The argument that personal economic expectations drive support for British governing parties has received wide attention. This article employs aggregate data for the 1979–92 period to assess the effects of personal expectations, other subjective economic variables and evaluations of prime ministerial performance in rival party-support models. Analyses of competing models, including error correction specifications that take into account nonstationarity in the time series of interest, indicate that the personal expectations variants generally do very well, although they do not outperform one or more alternatives incorporating other types of economic evaluations. The error correction models show that the prime minister's approval ratings have significant short-term and long-term effects on governing party popularity.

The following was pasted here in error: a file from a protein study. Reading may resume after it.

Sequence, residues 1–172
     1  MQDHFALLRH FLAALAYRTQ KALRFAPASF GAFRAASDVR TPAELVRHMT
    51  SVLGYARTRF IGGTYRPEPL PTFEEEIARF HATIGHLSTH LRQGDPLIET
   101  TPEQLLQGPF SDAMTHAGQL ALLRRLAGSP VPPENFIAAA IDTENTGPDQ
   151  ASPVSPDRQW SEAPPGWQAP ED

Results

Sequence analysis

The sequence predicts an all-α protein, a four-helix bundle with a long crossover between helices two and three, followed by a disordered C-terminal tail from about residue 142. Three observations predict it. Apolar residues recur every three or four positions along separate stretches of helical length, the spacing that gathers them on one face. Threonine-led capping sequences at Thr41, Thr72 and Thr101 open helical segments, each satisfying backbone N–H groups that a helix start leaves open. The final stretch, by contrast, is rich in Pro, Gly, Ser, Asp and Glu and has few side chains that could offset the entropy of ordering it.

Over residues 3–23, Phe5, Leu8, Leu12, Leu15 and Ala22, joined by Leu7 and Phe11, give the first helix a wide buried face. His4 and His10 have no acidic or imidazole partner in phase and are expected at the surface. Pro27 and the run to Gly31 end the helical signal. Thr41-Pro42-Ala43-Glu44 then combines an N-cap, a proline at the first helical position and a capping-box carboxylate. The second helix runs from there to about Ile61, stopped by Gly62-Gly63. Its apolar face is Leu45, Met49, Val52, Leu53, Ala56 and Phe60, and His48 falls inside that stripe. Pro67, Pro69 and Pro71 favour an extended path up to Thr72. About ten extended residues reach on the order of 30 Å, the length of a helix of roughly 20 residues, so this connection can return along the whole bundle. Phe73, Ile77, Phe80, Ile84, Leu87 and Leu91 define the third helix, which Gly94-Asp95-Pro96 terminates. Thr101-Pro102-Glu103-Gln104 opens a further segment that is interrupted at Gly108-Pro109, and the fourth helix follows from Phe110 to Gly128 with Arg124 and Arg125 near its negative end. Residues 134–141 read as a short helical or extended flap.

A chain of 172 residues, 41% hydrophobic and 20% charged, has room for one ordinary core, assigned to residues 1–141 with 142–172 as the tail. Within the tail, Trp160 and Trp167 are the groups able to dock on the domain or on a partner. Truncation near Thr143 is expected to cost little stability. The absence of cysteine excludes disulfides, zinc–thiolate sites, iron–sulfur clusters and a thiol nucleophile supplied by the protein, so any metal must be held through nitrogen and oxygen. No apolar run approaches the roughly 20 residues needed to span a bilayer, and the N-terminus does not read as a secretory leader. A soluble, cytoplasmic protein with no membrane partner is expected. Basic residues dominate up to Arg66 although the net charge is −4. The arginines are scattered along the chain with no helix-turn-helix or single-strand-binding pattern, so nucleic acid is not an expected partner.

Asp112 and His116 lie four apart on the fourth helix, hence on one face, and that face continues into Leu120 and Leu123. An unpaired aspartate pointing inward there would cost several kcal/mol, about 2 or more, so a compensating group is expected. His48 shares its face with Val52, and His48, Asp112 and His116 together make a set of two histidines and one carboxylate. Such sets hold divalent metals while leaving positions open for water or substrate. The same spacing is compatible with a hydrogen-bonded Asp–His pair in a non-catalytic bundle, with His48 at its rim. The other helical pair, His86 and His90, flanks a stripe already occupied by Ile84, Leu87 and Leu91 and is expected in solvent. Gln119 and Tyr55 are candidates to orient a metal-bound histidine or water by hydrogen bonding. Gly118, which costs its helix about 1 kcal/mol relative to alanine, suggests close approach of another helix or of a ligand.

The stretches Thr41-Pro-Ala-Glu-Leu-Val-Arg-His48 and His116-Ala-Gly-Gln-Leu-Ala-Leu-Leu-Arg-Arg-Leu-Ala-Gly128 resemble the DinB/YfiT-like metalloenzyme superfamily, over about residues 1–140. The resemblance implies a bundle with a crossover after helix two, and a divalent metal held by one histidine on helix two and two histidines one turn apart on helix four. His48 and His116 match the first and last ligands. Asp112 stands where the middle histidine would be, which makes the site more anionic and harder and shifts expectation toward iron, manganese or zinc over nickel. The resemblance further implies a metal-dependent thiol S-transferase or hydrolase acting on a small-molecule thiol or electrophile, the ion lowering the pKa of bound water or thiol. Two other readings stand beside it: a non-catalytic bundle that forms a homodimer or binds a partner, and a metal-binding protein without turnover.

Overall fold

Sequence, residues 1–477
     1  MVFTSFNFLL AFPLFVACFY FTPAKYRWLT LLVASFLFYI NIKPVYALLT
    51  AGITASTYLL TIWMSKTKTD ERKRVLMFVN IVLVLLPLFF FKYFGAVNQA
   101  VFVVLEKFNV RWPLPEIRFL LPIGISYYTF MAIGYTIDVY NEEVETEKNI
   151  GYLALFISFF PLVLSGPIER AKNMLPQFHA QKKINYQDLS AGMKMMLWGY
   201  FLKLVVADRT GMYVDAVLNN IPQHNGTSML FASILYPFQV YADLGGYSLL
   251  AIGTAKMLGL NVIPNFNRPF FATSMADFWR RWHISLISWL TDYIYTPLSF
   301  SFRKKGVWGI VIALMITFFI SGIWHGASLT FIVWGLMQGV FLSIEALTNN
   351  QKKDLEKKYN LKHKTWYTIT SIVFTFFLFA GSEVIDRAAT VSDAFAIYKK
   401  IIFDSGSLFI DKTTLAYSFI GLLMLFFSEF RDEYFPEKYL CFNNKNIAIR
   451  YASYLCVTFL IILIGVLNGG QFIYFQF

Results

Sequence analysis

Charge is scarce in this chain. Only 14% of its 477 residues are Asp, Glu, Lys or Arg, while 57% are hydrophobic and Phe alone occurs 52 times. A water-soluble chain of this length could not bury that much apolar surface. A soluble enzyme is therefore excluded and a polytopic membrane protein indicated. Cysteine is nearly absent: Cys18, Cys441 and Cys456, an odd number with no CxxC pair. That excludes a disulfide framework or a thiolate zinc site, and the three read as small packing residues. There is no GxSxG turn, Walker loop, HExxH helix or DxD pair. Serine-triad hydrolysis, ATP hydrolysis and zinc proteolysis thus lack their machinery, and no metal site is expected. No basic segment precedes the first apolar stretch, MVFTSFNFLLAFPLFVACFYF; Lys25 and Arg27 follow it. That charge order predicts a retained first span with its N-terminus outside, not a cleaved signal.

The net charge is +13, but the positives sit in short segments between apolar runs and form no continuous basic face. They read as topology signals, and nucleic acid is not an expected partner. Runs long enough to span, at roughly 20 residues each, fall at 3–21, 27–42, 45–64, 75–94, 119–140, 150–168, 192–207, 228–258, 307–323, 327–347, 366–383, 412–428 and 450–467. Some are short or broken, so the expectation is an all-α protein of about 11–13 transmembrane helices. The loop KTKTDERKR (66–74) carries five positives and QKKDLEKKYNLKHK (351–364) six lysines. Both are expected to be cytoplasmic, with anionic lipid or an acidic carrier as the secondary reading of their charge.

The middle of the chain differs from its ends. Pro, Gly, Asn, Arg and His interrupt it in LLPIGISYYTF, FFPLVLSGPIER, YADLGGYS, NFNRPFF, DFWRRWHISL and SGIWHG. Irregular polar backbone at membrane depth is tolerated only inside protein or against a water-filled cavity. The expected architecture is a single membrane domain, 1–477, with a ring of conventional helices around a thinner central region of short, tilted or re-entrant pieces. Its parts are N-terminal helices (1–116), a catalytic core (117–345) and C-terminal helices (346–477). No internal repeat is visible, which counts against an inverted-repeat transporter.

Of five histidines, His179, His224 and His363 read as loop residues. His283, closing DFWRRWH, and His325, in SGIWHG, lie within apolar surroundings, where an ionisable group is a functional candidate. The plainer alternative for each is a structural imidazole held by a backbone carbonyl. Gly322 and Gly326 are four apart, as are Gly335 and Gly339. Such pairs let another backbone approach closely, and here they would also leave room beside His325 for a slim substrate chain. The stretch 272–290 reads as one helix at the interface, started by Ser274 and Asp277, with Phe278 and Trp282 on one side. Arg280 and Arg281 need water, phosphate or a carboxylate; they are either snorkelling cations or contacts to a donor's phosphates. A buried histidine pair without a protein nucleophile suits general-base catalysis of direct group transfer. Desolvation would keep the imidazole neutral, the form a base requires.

1 For reviews of the literature, see Clarke, Harold D. et al. , Controversies in Political Economy: Canada, Great Britain, the United States (Boulder, Colo.: Westview Press, 1992); Lewis-Beck, Michael S., Economics and Elections: The Major Western Democracies (Ann Arbor: University of Michigan Press. 1988): Miller, William L., ‘Studying How the Economy Affects Public Attitudes and Behavior: Problems and Prospects’, in Clarke, Harold D., Stewart, Marianne C. and Zuk, Gary, eds, Economic Decline and Political Change: Canada, Great Britain, the United States (Pittsburgh: University of Pittsburgh Press, 1989).